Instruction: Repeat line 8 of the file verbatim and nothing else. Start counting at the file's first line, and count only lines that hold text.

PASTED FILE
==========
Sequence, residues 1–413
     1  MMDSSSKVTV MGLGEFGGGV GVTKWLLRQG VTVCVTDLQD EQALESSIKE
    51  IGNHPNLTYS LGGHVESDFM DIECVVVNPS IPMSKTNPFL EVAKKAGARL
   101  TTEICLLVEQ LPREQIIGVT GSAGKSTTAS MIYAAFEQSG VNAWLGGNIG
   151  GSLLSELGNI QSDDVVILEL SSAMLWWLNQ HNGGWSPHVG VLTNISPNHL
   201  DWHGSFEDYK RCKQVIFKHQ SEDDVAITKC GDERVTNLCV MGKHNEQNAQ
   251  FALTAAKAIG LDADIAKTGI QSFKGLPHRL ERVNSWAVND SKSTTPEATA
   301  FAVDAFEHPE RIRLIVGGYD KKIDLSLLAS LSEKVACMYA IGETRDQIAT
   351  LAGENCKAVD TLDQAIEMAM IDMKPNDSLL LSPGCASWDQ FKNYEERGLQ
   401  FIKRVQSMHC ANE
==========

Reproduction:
   301  FAVDAFEHPE RIRLIVGGYD KKIDLSLLAS LSEKVACMYA IGETRDQIAT